Catholic refugee agency: New UK asylum rules ‘cruel and dishonest’

Catholic refugee agency: New UK asylum rules ‘cruel and dishonest’

In this Thursday, Jan. 21, 2021 file photo Britain's Home Secretary Priti Patel speaks during a media briefing on the COVID-19 pandemic in Downing Street, London. The British government has announced plans to toughen immigration rules to make it harder for people who arrive by unauthorized routes such as small boats and truck stowaways to be given asylum. Home Secretary Priti Patel said Wednesday, March 24, 2021 that asylum seekers who come to Britain through organized, sponsored routes, will have their refugee claims considered promptly. (Credit: Matt Dunham/Pool via AP.)

New changes to the United Kingdom’s asylum system announced on Wednesday are “cruel and dishonest,” according to the country’s Catholic refugee agency.

LEICESTER, United Kingdom – New changes to the United Kingdom’s asylum system announced on Wednesday are “cruel and dishonest,” according to the country’s Catholic refugee agency.

The British Home Secretary, Priti Patel, said her office plans to remove asylum seekers who arrived illegally in the UK through so-called “safe” third countries, usually France. At the same time, she said the UK plans to expand “safe and legal” options for asylum seekers to reach the country.

“I make no apology for these actions being firm, but as they will also save lives and target people smugglers, they are also undeniably fair,” she said.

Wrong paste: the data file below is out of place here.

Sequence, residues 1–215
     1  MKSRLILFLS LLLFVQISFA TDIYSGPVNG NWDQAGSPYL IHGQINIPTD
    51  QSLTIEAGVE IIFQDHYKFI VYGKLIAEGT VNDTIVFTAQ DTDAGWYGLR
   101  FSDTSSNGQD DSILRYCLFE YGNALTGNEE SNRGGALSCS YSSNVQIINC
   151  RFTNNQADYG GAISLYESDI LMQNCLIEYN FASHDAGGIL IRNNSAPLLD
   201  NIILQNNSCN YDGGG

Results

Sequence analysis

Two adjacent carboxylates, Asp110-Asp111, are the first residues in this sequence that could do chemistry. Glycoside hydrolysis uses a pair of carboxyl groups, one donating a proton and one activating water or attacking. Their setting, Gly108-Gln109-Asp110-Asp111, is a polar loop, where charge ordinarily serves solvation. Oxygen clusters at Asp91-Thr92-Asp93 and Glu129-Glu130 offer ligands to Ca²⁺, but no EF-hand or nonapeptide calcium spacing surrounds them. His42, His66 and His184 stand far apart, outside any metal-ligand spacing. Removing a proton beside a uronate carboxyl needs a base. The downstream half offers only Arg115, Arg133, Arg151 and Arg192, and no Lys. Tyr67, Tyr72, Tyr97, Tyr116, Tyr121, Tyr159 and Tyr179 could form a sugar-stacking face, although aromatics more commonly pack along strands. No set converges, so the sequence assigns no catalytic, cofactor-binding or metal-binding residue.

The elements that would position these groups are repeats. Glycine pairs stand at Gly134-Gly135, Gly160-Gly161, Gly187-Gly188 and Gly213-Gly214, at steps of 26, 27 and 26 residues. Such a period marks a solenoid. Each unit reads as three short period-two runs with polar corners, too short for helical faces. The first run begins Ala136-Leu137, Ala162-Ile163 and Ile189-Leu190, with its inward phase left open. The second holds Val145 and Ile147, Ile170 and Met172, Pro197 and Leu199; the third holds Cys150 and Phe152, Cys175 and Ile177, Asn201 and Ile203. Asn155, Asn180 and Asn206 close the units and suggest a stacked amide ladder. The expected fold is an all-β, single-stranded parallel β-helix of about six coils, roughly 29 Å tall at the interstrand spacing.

The Home Office is the UK government branch that oversees security and immigration issues.

Patel said the move was to combat human traffickers who illegally transport asylum seekers over the English Channel, often in unsafe boats.

“The Red Cross, the UNHCR and other agencies, they are partner organizations, we will work with them to create safe and legal routes so we can stop this terrible, terrible trade in people being smuggled,” she said in a BBC interview.

The Home Secretary said refugees should seek asylum in the first safe country they enter, which is often an EU state on the Mediterranean basin.

“We are speaking to EU member states right now and having negotiations … They have a moral duty to save lives and stop people being trafficked through their countries,” Patel told the BBC.

However, Sarah Teather, the director of Jesuit Refugee Service UK (JRS UK), said the “safe and legal” routes are often “limited and restricted.”

“The changes being announced are cruel and dishonest. The government knows full well that those seeking safety are forced to cross borders irregularly. An asylum system designed to penalize this is lying about its purpose,” she said.

Teather called the announcement a “dark day in Britain’s history.”

“The country which was once at the forefront of championing the refugee convention has announced it no longer supports the right to claim asylum and be granted sanctuary here from violence,” she said.

Migrant Voice, a UK advocacy group, said Patel’s proposals create a two-tier system “that punishes those who manage to find their own route to safety and condemns them to a life in limbo with restricted rights.”